The first of a four-part blog series as part of the CoSN Student Data Privacy Advisory’s commemoration of Global Data Privacy Day.

My brother and I were talking on the phone one afternoon, reminiscing about the good old days, and talking about things that Mom would say to us when we were kids. These were the classic mom statements but gentle, caring reminders to keep us safe. After I hung up, I opened my laptop and began preparing for an upcoming professional development on student data privacy. And then it hit me! I realized that those things that mom said made more sense now than ever, but in an entirely new way.

Mom always said: henry co rqvaox2ybei unsplash

  1. Look both ways before you cross the street. When talking about data privacy, “look both ways” takes on an entirely new meaning.  “Look” at “both” the terms of service and privacy policies for “ways” that data will be collected and how the data will be used. Specifically look for clear definitions of personally identifiable information (PII), if the provider can modify the terms of service without notice, how the data will be de-identified if it will be used for product development or research, or if the data will be shared with any additional parties. Beware of any language that states or implies that the provider maintains the right to personally identifiable data even after the contract has ended. “Look both ways” at all terms and conditions will allow you to “cross the street” safely and without unexpected surprises, such as student data being shared without your knowledge.
  2. I don’t care what everyone else is doing. I care what you are doing. Maybe you have heard this from some teachers at your school. “Well, my neighbor teaches at X school district, and they don’t care about data privacy. Why do we need to?” As schools, we collect a wide variety of data on our students. Having a listing of parent/guardian names, and contact information helps us communicate between school and home. Knowing a student’s birthday, favorite color, favorite foods, and other information helps make students feel welcome in their classroom. Schools also keep information such as discipline referrals, social-emotional and physical wellness, and socio-economic status as required by our state and federal departments of education. Schools rely on third-party vendors and student information systems (SIS) to organize and store this information. While some information may appear harmless, it may be kept alongside other critical pieces of data. Schools need policies and procedures in place that protect student data. Such processes should include defining who needs access to the data, how to respond to requests for the data, and procedures for securely sharing the data. But more importantly, school leaders need to provide training to staff on these policies and procedures, and how to protect student data. This training should include FERPA, PPRA, and state legislation which applies to the protection of student information.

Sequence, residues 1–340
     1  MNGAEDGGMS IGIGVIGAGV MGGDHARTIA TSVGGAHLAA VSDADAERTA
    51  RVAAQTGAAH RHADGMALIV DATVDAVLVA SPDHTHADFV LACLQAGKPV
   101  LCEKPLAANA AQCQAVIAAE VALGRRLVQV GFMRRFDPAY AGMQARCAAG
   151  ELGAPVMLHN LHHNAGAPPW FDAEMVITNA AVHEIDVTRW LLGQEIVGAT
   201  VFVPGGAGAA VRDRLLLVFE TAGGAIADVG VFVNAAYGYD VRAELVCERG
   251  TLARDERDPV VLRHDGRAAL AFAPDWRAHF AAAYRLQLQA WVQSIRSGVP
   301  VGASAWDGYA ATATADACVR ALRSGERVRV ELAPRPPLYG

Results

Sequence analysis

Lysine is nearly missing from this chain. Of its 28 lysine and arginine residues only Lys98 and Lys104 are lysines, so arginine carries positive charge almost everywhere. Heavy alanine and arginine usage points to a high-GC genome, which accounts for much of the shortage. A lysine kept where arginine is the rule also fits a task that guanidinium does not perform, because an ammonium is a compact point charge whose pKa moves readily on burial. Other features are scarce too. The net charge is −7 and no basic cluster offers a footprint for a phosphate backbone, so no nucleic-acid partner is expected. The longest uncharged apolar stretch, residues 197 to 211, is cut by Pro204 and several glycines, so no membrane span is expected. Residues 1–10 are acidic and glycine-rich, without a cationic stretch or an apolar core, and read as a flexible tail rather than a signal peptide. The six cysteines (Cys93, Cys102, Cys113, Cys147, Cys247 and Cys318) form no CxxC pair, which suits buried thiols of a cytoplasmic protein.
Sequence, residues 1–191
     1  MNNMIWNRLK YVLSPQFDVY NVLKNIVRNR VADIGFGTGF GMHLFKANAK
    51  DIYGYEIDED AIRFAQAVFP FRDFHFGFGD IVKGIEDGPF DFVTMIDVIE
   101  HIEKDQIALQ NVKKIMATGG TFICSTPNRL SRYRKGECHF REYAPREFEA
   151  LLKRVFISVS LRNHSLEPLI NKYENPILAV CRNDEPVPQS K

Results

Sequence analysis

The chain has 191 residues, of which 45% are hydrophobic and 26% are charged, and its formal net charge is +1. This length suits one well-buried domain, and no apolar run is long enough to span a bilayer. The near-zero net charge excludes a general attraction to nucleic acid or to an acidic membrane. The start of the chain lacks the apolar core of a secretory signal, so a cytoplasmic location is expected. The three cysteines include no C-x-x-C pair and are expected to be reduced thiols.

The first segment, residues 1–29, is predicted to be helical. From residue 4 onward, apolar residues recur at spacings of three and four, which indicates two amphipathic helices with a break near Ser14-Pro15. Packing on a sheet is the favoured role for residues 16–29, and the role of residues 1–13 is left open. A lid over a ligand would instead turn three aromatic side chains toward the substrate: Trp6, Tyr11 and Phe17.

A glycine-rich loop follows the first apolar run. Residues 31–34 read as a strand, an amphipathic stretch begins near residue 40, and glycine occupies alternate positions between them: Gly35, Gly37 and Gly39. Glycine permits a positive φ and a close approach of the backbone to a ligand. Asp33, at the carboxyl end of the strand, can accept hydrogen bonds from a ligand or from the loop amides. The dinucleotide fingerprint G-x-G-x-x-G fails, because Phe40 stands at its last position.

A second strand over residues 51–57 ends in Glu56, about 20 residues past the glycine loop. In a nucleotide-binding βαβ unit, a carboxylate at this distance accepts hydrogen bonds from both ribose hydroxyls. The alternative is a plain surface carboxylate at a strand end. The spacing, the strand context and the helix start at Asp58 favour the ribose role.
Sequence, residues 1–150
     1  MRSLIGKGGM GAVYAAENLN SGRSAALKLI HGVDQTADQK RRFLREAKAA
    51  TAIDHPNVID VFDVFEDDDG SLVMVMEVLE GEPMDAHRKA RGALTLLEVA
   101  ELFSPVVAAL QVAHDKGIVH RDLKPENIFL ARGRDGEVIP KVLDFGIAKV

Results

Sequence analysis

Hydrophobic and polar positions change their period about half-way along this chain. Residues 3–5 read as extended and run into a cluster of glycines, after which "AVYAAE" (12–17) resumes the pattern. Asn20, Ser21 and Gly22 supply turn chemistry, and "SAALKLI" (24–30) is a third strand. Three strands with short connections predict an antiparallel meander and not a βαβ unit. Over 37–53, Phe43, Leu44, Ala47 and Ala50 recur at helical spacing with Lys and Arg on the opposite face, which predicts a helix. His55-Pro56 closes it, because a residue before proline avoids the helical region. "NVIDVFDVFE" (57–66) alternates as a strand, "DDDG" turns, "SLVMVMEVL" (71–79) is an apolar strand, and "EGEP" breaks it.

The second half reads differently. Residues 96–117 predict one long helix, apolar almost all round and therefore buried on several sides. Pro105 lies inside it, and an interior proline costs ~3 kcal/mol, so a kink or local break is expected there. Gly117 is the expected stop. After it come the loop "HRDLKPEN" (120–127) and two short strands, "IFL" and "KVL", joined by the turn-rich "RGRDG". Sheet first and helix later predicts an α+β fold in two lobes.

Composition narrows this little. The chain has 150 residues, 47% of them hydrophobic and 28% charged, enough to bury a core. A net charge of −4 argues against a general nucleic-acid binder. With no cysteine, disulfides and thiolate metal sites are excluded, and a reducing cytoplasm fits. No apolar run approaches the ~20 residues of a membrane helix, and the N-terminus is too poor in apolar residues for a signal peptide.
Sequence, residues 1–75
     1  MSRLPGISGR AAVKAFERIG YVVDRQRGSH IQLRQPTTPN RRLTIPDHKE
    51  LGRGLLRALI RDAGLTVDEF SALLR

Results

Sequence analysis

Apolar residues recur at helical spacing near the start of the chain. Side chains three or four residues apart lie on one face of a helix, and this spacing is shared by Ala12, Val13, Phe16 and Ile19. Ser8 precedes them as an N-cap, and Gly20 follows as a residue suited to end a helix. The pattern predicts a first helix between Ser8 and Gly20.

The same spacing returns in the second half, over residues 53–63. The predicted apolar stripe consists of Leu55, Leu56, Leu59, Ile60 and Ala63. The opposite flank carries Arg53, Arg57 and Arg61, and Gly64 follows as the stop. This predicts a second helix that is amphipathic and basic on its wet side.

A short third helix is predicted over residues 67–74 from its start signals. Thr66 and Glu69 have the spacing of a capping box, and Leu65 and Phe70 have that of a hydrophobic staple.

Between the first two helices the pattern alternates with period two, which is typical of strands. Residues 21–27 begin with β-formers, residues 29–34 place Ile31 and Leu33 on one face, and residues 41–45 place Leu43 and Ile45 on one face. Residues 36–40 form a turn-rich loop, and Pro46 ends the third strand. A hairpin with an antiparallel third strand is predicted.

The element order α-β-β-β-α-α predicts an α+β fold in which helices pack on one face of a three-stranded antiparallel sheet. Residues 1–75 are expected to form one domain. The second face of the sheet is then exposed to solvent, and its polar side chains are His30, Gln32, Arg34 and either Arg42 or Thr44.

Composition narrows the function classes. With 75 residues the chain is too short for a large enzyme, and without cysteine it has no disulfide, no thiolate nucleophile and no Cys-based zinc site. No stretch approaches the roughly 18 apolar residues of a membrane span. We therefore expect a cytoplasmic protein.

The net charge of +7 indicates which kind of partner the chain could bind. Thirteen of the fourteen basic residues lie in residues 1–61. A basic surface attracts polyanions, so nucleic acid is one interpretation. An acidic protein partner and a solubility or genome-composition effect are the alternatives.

3. Don’t talk to strangers. Are you giving strangers access to your data without knowing it? Many websites and online tools offer the option to sign in with Google or Facebook. Clicking on this option to create an account or sign in, gives permission for one account to authenticate into another. While you and your students may feel this is safe since no password is being shared, you are giving permission to provide some data to the app or website developer. Some of this data can be your preferences, contact lists, phone number, demographic data, and other information that may compromise your privacy. This data can then be used in phishing attacks sent to your email account.  This attack will prey on your curiosity as information about your favorites and likes will be contained in these emails. Sometimes these “single sign on” solutions can be a benefit with limited data shared. Other times, it can lead down a darker path. Make sure you “meet” your vendors before signing on, by “looking both ways” before you go.samuele errico piccarini myjvrez5glq unsplash
  4. Don’t make me turn this car around. Teachers are now more responsible than ever for carefully selecting digital tools that they incorporate into their lessons. Students need to be aware of how sharing information online can impact their safety. Providing professional development for teachers and digital citizenship lessons for students and educators is key. While mom had the ability to “turn this car around” once student data has been breached, it is extremely difficult to “turn around” and fully recover.

Mom always had our best interest at heart. Even now, these mom statements are helping to keep us safe online in an ever-changing digital world.

Author: Karyn Dobda, Director of Innovation and Strategic Initiatives, Quaker Valley School District (PA)
CoSN Student Data Privacy Advisory Member

Karyn Dobda has been working in K-12 education for over thirty years and is currently the Director of Innovation with the Quaker Valley School District in Sewickley, Pennsylvania, a position she has held since 2018. In her role she provides leadership and direction in the effective use of instructional technology to enhance instruction and is the liaison between the IT Department and the classroom. Karyn has presented as several state and national conference on the topics of professional learning, innovation, and educational technology.

Published on: January 18th, 2023

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